All Montana employers must allow employees to take a reasonable leave of absence for pregnancy. Employees are entitled to be reinstated to the same or an equivalent position unless the employer’s circumstances have changed so much that it would be impossible or unreasonable to do so.
Employers in New Hampshire with at least six employees must allow eligible employees to take time off work if they have a disability relating to pregnancy, childbirth, or related conditions. Employees are entitled to be restored to the same or a comparable position when they are able to return to work unless business necessity makes this impossible or unreasonable.
New Jersey employers with at least 30 employees must provide their workers with up to 12 weeks of leave in a 24-month period to bond with a child. The employee must have worked at least one year with the company to be eligible.
Employers in the State of New York must provide up to 12 weeks of paid family leave for their employees to care for a newborn child. Employees qualify for paid leave after working 20 hours a week or more for a consecutive 26 weeks.
Organizations in Oregon with more than 25 employees must adhere to state maternity leave laws. Additionally, employees must have worked at least 90 days to qualify and the law covers birth or adoption of a child, prenatal care, and pregnancy disability. Employees can take up to 12 weeks for pregnancy disability plus 12 weeks maternity leave (up to 24 weeks total in one year). An employer who employs both parents can limit leave to one parent at a time.
Rhode Island has a state temporary disability insurance program, funded by withholdings from employees’ paychecks. Eligible employees who are unable to work due to a temporary disability (including pregnancy and maternity leave) can receive partial wage replacement for up to 30 weeks. Rhode Island also offers up to 13 weeks, compared to FMLA’s 12 weeks. Employers with 50+ employees must participate.
Tennessee employers with at least 100 employees at the same job site where the employee works must give an eligible employee up to four months off for pregnancy, childbirth, nursing an infant, and/or adoption.
Employers in Vermont with 10+ employees must provide time off to eligible employees for pregnancy, childbirth, or adoption of a child up to 16-years-old. They may take up to 12 weeks of family and medical leave in a 12-month period.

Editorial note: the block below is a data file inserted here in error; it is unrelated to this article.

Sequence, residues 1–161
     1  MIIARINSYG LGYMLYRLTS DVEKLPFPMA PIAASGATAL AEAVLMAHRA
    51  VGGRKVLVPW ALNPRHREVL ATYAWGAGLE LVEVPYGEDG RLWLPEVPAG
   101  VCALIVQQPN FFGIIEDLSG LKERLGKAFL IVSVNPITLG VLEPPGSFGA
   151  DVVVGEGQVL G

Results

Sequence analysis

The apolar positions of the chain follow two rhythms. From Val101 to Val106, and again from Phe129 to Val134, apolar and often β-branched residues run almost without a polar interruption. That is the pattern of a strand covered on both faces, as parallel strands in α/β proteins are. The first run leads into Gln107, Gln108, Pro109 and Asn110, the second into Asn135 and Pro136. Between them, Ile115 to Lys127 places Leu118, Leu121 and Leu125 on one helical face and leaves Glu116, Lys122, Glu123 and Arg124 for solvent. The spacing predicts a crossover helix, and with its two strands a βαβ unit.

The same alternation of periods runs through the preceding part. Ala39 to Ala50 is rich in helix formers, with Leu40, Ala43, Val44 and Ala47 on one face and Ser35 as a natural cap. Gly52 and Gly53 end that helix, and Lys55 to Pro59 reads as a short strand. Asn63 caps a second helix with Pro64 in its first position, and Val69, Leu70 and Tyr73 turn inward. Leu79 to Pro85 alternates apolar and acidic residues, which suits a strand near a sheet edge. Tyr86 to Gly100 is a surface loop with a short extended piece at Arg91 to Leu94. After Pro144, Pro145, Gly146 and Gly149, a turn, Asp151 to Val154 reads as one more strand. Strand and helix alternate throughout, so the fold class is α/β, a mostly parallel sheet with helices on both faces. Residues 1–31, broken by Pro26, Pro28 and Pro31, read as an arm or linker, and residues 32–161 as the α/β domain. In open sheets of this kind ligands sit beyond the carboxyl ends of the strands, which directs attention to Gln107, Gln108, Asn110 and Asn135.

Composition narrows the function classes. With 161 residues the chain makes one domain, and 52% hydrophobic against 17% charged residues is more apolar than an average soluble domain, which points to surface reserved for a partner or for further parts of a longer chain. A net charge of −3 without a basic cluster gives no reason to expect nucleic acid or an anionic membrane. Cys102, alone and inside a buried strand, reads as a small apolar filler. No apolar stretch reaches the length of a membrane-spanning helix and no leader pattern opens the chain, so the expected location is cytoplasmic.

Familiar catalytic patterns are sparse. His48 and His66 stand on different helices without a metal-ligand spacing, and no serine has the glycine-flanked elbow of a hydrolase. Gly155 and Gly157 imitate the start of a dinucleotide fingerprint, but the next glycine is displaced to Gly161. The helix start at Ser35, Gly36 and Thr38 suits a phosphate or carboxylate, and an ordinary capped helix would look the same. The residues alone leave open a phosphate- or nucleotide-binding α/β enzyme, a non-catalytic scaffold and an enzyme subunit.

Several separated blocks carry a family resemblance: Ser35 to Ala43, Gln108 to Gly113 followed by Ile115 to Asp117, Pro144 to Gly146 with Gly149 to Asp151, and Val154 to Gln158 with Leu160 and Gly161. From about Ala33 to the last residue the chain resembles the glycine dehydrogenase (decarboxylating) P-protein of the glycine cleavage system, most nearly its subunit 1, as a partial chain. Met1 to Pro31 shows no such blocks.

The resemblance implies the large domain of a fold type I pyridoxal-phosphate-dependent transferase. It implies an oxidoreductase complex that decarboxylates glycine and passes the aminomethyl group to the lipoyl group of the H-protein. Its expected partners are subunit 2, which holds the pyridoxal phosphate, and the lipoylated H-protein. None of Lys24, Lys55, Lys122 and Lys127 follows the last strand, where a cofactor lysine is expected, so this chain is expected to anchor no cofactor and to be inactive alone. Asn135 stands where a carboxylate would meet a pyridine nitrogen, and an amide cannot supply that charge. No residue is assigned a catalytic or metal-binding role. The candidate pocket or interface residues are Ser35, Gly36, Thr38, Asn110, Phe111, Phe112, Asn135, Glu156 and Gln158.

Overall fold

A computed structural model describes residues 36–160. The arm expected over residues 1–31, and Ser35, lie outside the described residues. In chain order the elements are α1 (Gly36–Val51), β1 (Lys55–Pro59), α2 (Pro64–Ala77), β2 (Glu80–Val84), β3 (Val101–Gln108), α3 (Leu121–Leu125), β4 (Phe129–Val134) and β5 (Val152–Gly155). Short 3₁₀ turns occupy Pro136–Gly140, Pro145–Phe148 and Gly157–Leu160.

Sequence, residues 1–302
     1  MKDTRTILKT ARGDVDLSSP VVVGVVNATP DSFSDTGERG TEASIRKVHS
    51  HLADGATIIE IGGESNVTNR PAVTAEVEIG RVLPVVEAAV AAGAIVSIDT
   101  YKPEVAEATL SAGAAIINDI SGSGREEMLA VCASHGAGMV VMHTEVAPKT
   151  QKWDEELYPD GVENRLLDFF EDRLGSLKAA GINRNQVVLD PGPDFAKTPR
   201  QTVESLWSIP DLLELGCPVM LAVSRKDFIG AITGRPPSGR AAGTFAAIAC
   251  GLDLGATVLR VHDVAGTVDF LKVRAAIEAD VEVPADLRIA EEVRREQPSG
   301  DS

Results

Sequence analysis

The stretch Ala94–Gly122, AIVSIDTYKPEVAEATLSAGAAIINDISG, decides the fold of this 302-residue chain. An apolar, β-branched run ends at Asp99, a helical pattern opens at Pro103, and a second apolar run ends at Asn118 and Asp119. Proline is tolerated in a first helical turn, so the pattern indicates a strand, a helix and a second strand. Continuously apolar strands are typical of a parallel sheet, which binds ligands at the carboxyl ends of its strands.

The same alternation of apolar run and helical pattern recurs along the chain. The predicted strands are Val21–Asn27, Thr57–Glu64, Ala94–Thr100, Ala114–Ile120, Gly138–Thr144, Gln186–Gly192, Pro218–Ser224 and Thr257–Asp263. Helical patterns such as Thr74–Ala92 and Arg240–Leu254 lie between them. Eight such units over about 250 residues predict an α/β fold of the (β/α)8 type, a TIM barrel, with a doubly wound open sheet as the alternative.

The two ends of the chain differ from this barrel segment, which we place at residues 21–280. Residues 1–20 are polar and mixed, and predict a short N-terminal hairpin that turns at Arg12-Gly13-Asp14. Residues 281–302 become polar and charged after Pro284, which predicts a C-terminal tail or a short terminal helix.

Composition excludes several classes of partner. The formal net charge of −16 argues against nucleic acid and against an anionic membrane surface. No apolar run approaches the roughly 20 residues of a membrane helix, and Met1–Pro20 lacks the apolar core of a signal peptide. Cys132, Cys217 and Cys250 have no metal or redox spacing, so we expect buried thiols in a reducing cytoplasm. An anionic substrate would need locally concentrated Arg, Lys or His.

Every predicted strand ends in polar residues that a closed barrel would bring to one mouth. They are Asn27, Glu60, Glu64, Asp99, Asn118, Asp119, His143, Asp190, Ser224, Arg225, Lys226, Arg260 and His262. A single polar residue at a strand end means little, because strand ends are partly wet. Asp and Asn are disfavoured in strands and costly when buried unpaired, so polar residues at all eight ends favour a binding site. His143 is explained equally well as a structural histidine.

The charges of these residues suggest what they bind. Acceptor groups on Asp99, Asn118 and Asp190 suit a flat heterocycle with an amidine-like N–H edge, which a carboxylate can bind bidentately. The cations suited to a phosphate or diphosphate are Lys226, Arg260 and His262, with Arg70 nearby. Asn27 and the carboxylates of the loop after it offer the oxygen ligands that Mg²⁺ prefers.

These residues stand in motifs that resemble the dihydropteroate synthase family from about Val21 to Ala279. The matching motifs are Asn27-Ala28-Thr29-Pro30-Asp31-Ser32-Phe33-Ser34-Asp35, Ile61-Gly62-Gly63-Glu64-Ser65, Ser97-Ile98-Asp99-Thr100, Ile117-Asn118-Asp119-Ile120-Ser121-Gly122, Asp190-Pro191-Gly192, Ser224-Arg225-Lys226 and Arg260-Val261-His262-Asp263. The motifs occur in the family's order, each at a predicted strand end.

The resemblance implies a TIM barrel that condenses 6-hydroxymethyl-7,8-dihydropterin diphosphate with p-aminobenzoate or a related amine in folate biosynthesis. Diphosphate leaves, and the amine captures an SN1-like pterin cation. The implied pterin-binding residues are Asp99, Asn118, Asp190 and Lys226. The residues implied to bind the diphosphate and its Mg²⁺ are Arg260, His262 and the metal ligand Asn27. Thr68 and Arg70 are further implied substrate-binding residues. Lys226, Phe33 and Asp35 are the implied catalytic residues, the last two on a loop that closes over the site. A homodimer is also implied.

In 2014, Vermont enacted a law that gives employees the right to request a flexible working arrangement up to twice a year. Such an arrangement might involve a change in work hours (for example, to begin and end work later), working from home, changes to the number of hours or days an employee works, or job sharing.
The Paid Family and Medical Leave program, a Washington state-run insurance program, provides up to 12 weeks of paid leave for bonding with a newborn. Employers can provide paid family and medical leave benefits either through the state-run program or purchase a voluntary private plan that provides benefits equal to or greater than the state minimum requirements.
An employee HR tool like Zenefits makes it easy to add your leave policies to your employee handbook, ensuring compliance with individual state laws, and lets employees sign all necessary company documents electronically. With Zenefits, employees can onboard entirely online—including signing offer letters and policies, filling out tax forms, and enrolling in benefits—all before their first day.
When Maternity Leave Is Required
Two main factors affect whether you are required to provide maternity leave: the size of your company and your business’ location.
FMLA Affects Companies With > 50 Employees
If your business has 50 or more employees, you are required to comply with the federal Family and Medical Leave Act (FMLA), part of the federal labor laws. FMLA requires businesses to provide up to 12 weeks of unpaid maternity leave. If you employ fewer than 50 employees, there is no federal law requiring you to provide maternity leave.
Pregnancy Discrimination Act Affects Companies With > 15 Employees
Even if maternity leave is not required because of your small company size (under 50), if your company has 15 or more employees, you must abide by the federal Pregnancy Discrimination Act. This act prohibits discrimination based on pregnancy, childbirth, and related medical conditions. For instance, if you allow other disabled employees to work from home, you must offer the option to your pregnant employee to work from home as well.